From a combat standpoint, that would make the most sense, since maintaining a smaller forward profile toward an approaching threat (remember: there could still be several miles between the ship and the ‘threat,’ so pointing toward a threat, even with such a large ship, can still have an advantage). This would allow the deployed ships to train their main weapons on the threat as they emerge, and would help maintain a strong defensive/offensive posture.

I will admit I am not well versed on combat theory (not sure why you would think a teen would read The Art of War, when he wouldn’t read Lord of the Flies when it was required), so whether this ‘sound’ is up to you to decide.


As I was trying to think of how the groupings for their fleets would be, I realized that ‘constellation’ could have a double meaning in this context.  The fleet group is a constellation since an actual space constellation is a particular grouping of stars.

A portion of the Big Dipper, taken on the ISS

However, that grouping of stars isn’t without purpose.  They are ‘grouped’ that way to help make them recognizable as this specific group, as this can present an image in the mind that can be recalled quickly. That image is often what we think of when we point to a constellation.

The Maelstrom is a constellation in the same sense.  The collectives of ships that make up its fleet group are a ‘constellation,’ in that this is to what the Tyberian Military call their ship fleets.  But the Maelstrom is a Constellation, as a result of hosting said fleet.  The terms are used in this manner in the novel.

I should state that although the Tyberian Military calls this a ‘constellation,’ The Terran Government does have a designation for this type of vehicle, As Maice makes inquiry in the scene:

Maice shakes his head. “This isn’t merely a capitol ship. This is some kind of mobile battle platform.” He looks at Tess. “Who are you people at war with?”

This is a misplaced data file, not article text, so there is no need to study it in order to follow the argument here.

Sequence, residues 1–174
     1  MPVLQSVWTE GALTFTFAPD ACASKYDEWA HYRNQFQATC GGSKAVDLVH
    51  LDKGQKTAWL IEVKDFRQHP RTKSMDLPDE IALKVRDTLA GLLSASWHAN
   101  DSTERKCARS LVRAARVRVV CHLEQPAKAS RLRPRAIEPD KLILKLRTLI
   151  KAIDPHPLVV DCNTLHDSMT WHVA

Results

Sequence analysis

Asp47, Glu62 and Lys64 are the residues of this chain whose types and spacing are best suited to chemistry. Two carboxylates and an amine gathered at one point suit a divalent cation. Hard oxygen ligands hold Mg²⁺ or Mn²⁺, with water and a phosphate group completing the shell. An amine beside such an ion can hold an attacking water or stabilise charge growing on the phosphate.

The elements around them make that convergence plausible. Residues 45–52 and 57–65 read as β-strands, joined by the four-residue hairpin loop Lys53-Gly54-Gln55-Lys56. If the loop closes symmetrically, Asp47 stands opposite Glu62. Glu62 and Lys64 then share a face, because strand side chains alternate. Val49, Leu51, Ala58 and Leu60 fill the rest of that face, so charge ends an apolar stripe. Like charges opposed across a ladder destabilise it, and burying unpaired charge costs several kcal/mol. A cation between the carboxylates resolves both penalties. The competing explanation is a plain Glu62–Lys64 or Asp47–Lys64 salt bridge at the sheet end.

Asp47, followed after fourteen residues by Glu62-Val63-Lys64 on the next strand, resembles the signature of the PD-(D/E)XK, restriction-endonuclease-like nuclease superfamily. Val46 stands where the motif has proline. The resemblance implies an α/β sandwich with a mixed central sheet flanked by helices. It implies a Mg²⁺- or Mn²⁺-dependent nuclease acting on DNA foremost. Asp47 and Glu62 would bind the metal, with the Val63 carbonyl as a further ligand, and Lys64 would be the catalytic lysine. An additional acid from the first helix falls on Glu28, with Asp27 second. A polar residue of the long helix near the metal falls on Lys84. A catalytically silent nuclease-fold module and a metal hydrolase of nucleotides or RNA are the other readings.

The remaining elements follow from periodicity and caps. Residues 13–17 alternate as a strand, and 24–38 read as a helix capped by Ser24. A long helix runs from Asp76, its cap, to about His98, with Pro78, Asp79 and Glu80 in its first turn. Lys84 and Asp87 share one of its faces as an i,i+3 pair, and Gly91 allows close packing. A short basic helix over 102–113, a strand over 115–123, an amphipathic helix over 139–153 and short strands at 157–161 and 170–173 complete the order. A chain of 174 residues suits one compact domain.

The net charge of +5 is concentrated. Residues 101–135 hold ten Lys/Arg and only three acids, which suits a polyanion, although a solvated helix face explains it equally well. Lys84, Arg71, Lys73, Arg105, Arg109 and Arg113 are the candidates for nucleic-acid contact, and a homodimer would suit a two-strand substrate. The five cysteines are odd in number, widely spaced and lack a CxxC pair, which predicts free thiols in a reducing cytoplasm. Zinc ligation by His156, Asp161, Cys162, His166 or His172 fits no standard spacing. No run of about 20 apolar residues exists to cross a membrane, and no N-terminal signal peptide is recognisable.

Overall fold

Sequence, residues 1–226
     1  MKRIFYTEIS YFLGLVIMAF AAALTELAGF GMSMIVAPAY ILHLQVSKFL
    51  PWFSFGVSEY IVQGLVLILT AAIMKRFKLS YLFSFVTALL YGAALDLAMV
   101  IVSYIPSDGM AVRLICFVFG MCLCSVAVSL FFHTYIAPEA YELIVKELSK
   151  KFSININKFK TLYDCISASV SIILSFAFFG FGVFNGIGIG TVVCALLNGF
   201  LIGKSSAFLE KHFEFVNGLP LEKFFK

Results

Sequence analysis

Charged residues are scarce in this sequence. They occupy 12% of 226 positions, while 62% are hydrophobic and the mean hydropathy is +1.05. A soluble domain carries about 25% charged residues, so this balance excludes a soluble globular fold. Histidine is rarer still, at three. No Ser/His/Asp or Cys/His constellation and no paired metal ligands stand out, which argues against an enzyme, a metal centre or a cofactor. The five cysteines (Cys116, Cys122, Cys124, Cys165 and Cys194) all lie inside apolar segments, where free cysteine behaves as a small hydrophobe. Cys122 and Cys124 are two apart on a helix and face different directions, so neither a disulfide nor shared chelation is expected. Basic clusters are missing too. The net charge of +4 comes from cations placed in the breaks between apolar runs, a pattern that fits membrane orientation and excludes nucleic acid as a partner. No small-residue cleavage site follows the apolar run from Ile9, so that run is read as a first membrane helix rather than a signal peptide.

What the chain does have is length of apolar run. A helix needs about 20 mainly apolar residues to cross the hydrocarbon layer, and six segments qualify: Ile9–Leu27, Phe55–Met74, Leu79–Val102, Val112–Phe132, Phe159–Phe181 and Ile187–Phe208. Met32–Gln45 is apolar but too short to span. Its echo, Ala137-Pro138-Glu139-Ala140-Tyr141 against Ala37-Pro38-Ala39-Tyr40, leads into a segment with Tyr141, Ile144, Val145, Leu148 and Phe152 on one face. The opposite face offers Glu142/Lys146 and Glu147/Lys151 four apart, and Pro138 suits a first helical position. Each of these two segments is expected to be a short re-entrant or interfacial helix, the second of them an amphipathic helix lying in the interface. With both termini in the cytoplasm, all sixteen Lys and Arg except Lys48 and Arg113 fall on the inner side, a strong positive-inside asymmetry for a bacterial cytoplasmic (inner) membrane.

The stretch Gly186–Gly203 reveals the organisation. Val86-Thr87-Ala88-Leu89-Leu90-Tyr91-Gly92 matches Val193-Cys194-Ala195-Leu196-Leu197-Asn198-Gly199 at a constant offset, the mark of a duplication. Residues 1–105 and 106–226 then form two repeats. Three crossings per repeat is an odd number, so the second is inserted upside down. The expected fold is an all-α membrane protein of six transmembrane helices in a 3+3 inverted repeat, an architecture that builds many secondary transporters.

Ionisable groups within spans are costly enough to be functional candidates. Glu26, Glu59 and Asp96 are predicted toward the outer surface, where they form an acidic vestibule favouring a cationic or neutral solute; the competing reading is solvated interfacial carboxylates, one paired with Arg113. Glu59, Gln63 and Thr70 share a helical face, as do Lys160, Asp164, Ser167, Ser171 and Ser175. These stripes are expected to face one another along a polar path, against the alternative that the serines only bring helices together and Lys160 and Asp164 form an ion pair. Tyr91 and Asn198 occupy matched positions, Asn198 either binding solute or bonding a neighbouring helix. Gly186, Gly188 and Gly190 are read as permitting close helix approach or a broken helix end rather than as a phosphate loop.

Tess frowns. “Nobody. Why?”
“Why would your people need something like this if you are at peace?” Maice insists.
Tess folds her arms. “There are worlds on the other side of the unified territories that actively dispute our boundaries. While we would prefer a more peaceful alternative,” she sighs, “the K’Nough won’t have it any other way.”

The Terran equivalent would be the ‘Mobile Battle Platform,’ and much like a constellation, it also has several ships it ferries within.  In a later blog, I’ll touch on a few of the differences.  Next week, we will discuss one of the principle defenses used by the Tyberian Military, along with something readers will notice regarding all the ships in the Tyberian fleet.


(UPDATE 6-12-2018:  It appears my main computer is up!  However, it is also a clean slate, needing everything recovered to it.  So I don’t have complete access to everything, along with not getting the chance to complete my scheduled posts – like the one that got out prematurely today!  I’m hoping to get caught up in the coming week and have everything back to normal by the end of the month.  Thanks for your patience.)